Security should be an integral part of a company's overall operations, performance and not just an add-on department which is only called upon when there is trouble, says Mariaan van Kaam, executive director of behaviourial management specialists VoiceIT South Africa, an associate of corporate security management company, GriffithsReid.
According to Van Kaam: "Security awareness must be an enterprise-wide issue, addressing the entire range of employee values, attitudes and behaviour, from the office right through to the storeroom."
A major part of the problem lies in poor corporate governance, lack of leadership, poor communication and feedback, lack of staff awareness and inconsistent standards, she adds. "This is why security is actually everybody's business, and the worst thing a company can do is pretend that all is well until some act of criminality is brought to their attention, and then reactively call in the security department to deal with it."
Pro-active intervention, aligned with security needs, is therefore the only answer to deal with the problem of intra- and extra-organisational criminality," says Van Kaam. "This means ensuring that the artificial silos which have been built up between the security department or service provider and other parts of the organisation are broken down, and that the security department/service plays an active, in fact a proactive, role, in helping to drive the business goals of the company."
The security department should, for example, be involved in the planning of logistics, of staff screening, and the day to day running of the company. In addition, the company must engage in a focused behaviour-change programme to ensure that security becomes everyone's business, and is not just left to the security department/service.
"Just putting a guard at the door will not suffice to prevent crime," says Van Kaam. "Far better to try and prevent the crime from even taking place, than relying solely on a policing function, important as that may be." For example, before a shipping decision is taken, the security department needs to be involved, and so on."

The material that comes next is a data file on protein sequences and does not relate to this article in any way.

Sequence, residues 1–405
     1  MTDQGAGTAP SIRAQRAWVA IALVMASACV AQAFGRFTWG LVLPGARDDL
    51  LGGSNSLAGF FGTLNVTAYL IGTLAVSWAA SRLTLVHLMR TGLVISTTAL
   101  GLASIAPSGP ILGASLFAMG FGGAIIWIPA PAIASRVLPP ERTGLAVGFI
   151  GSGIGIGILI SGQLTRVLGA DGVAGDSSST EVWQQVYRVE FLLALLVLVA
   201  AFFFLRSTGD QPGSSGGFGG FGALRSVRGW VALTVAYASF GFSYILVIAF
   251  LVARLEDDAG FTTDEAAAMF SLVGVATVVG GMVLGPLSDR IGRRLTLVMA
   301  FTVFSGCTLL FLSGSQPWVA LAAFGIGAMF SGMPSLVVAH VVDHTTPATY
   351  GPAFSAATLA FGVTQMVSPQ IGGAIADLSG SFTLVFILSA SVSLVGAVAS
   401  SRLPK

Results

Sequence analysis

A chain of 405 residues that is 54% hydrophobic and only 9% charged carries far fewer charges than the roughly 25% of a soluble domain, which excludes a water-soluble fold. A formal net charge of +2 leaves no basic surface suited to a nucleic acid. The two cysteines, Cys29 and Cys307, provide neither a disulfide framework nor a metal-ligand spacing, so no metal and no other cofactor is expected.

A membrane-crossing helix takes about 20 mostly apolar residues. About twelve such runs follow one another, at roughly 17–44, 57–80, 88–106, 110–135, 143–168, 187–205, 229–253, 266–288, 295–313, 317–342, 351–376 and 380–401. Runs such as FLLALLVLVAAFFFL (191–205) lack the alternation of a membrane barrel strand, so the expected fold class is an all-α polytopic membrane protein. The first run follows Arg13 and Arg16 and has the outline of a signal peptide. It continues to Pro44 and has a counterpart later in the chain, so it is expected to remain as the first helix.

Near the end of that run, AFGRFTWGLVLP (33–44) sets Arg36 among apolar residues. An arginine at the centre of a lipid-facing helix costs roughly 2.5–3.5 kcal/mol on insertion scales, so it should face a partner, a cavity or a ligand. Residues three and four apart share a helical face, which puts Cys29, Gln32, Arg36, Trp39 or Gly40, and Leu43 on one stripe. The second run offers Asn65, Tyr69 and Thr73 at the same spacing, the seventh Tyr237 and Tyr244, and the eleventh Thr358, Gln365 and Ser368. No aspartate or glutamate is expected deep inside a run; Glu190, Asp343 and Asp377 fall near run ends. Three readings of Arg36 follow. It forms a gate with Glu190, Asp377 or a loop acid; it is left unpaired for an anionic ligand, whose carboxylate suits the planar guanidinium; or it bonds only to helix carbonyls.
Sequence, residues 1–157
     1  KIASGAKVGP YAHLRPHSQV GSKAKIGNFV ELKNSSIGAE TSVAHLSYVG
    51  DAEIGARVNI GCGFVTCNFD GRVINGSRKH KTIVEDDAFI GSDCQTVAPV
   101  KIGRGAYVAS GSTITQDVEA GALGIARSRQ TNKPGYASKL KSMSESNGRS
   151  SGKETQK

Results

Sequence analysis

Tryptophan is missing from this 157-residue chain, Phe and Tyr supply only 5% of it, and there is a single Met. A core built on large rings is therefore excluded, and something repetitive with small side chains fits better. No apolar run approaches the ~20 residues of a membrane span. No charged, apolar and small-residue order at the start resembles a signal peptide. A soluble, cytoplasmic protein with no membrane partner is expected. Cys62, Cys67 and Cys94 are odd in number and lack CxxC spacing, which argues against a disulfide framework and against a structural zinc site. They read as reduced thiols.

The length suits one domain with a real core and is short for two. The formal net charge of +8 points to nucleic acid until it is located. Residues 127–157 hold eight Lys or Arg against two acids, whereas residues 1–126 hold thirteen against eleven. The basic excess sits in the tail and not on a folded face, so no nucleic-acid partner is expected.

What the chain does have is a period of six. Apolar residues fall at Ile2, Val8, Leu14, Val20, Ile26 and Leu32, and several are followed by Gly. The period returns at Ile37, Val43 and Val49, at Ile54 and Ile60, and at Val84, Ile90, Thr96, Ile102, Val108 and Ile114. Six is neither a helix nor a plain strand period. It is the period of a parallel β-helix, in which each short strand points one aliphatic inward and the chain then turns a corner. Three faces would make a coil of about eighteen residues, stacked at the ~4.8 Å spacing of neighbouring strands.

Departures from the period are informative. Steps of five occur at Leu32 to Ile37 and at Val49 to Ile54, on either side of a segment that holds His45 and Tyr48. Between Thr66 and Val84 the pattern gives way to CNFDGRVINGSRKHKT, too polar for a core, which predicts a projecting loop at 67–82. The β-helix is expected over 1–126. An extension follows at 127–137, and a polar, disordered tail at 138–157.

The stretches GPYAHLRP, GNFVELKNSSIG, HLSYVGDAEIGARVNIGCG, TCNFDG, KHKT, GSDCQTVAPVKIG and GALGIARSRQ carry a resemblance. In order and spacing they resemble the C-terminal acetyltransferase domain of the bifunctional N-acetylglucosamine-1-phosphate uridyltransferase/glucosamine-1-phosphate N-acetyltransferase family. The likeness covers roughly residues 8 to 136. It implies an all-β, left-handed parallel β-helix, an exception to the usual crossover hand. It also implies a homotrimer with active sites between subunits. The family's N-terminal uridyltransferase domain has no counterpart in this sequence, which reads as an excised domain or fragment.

One of the best proactive steps a company can take, and which heightens security awareness throughout an enterprise, is to adopt a hearts and minds behaviour-based programme designed to engender staff commitment and to make everyone aware of how important security is for the company's overall wellbeing.
"The true cost of fraud goes beyond the financial loss and has implications for the company's reputation, morale, lost management time as well as trust within an organisation. Internal control and harnessing employee awareness and commitment are therefore the best weapon any company can have in preventing and detecting fraud," Van Kaam says.
The most common problem in this regard is getting management to understand just how far-reaching a security solution must go, and the cost implications of such a solution. "It is in fact far cheaper to make security an enterprise-wide issue, than it is to try and deal reactively with security issues," says Van Kaam.
With recovery rates from perpetrators still standing at around 20%, the bulk of the cost of intra-organisational criminality is borne by the company, and ultimately by the consumer, she says. "The security department has an onus upon itself to become more strategically involved in the company and to ensure that management is aware of the corporate-wide nature of security, and not concentrate on certain aspects to the detriment of others," say Van Kaam.
Pro-active solutions are available, but unless senior management buys into the concept of living ethical values and of driving proactive security awareness and prevention at all levels of the organisation, it is unlikely that they will succeed to attain any sort of long term security solution and preventative sustainability at all.
For more information contact Mariaan van Kaam, VoiceIT South Africa, 011 954 1067.
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